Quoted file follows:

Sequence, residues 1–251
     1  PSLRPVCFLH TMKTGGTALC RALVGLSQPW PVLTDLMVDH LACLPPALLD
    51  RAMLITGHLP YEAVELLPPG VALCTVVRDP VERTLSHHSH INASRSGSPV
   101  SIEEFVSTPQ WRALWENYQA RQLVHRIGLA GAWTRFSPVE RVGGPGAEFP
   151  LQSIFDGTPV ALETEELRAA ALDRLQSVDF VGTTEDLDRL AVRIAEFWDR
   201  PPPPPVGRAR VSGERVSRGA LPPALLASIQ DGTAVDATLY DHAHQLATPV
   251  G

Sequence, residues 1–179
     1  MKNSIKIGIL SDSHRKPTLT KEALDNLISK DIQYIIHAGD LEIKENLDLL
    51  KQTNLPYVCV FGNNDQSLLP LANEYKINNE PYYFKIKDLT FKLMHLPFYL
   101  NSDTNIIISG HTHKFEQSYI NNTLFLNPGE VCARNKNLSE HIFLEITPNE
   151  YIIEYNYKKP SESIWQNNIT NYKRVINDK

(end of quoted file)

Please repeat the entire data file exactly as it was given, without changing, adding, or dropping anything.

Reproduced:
Sequence, residues 1–251
     1  PSLRPVCFLH TMKTGGTALC RALVGLSQPW PVLTDLMVDH LACLPPALLD
    51  RAMLITGHLP YEAVELLPPG VALCTVVRDP VERTLSHHSH INASRSGSPV
   101  SIEEFVSTPQ WRALWENYQA RQLVHRIGLA GAWTRFSPVE RVGGPGAEFP
   151  LQSIFDGTPV ALETEELRAA ALDRLQSVDF VGTTEDLDRL AVRIAEFWDR
   201  PPPPPVGRAR VSGERVSRGA LPPALLASIQ DGTAVDATLY DHAHQLATPV
   251  G

Sequence, residues 1–179
     1  MKNSIKIGIL SDSHRKPTLT KEALDNLISK DIQYIIHAGD LEIKENLDLL
    51  KQTNLPYVCV FGNNDQSLLP LANEYKINNE PYYFKIKDLT FKLMHLPFYL
   101  NSDTNIIISG HTHKFEQSYI NNTLFLNPGE VCARNKNLSE HIFLEITPNE
   151  YIIEYNYKKP SESIWQNNIT NYKRVINDK